The Wild One

In 1989, running on serotonins released into his brain by images of people just absolutely hacking at the Berlin Wall with their naked hands and whatever crude instrument was available nearby, by the apparent demise of the Communist Party in the Soviet Union, by fast-rising revenue numbers in the “foreign sales” lines of the ledgers of many U.S. companies, by too much Hegel and not enough Darwin, by the sound of a Beethoven symphony playing in a Japanese department store, Francis Fukuyama wrote “The End of History,” his declaration (in the journal The National Interest) that the major social issues in human evolution had been handled—markets are good, government planning bad—and that, sure, there'd still be events—still be, you know, arguments, violence and even the occasional war—but that these were epiphenomena, that the really big question had been settled.

History has a way of chewing up end-of-history projects, of course, and Fukuyama's thesis looks a little less obvious now—not as stupid and vicious as Pol Pot's Year One, but as premature as St. Paul's Jesus Is Coming, Like, Right Now. And I'd look pretty stupid saying Orange County history is over just because the Santa Ana City Council voted 4-1 on a recent Monday night to allow Mike Harrah—a developer who looks, we have noted, like the be-bellied and be-bearded ZZ Top bassist Dusty Hill but whose fortune includes 50 downtown Santa Ana properties (including the building that houses the Weekly world headquarters) and a Newport Beach home with a neighbor named Don Bren, that Mike Harrah—to build the county's tallest building, a 37-story tower so out of scale with the Kansas-flat suburb swirling around it that some—well, I—have compared it to the Simpsons episode in which evil billionaire Montgomery Burns constructs a device to block out the sun in order to boost demand for electricity from his nuclear power plant. It will also, when completed, look like a middle finger aimed in the direction of the suburbs swirling around it.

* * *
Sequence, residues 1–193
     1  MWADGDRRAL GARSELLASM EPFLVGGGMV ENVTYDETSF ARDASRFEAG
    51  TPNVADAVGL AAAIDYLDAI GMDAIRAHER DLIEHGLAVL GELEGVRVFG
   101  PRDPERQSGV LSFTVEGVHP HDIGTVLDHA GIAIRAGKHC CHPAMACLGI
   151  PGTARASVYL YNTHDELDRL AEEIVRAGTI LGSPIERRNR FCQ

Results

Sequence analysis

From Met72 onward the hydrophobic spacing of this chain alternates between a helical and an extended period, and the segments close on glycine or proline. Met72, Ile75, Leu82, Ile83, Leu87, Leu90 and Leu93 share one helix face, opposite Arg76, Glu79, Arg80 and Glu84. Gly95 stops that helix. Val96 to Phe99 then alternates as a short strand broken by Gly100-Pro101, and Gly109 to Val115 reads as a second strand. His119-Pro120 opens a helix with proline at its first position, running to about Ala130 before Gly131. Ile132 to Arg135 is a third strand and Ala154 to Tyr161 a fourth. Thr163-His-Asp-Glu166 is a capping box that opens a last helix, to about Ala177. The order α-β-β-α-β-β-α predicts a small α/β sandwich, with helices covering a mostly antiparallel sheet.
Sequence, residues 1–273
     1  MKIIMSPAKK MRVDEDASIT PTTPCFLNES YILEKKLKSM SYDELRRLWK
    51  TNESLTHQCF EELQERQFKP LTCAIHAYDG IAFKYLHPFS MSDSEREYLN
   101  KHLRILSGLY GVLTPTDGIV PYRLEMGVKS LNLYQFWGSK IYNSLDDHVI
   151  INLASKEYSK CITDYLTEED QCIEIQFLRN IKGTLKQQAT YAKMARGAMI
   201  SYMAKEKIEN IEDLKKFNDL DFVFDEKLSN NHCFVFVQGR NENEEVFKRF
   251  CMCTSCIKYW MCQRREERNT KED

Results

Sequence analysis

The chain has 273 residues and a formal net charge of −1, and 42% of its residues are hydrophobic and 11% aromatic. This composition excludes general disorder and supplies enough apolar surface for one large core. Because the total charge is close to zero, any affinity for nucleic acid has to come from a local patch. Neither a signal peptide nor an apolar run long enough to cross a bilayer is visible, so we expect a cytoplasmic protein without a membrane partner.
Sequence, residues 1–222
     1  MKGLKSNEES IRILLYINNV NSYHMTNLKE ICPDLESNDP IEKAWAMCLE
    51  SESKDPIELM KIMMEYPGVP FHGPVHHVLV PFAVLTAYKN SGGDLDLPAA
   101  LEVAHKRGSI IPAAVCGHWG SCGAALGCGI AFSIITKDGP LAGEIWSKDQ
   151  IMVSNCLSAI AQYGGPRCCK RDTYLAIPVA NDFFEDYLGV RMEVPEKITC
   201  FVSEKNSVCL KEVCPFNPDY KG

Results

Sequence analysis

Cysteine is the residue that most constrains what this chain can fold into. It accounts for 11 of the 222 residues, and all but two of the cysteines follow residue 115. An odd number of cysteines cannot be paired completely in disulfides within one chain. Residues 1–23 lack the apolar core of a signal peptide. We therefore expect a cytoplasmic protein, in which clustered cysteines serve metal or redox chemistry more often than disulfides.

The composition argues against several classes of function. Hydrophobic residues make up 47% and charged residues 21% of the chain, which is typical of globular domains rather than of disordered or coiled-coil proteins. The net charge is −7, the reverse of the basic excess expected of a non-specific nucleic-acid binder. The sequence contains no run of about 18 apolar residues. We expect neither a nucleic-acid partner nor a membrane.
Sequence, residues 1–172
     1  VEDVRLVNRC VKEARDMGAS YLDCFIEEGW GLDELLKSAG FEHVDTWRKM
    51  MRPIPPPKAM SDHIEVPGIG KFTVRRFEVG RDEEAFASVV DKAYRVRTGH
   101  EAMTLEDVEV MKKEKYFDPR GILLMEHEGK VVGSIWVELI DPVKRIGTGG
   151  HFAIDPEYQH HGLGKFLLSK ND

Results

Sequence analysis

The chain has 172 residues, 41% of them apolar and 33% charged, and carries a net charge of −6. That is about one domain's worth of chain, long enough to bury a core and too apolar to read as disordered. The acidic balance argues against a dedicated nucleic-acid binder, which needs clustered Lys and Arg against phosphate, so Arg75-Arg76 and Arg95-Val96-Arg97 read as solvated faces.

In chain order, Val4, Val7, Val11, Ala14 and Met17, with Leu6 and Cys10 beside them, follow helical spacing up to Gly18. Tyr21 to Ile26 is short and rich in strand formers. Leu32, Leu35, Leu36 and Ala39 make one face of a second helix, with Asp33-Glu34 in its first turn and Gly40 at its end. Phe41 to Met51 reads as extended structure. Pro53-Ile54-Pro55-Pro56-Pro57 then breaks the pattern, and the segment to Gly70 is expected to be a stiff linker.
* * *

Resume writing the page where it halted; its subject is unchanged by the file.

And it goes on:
So, okay, history's not over, but the Orange County we know is finished, and Michael Harrah killed it, or will kill it when he actually begins raising what he says he'll call One Broadway Plaza. The suburban phase of Orange County's development is now officially over, and the urban phase has mercilessly begun.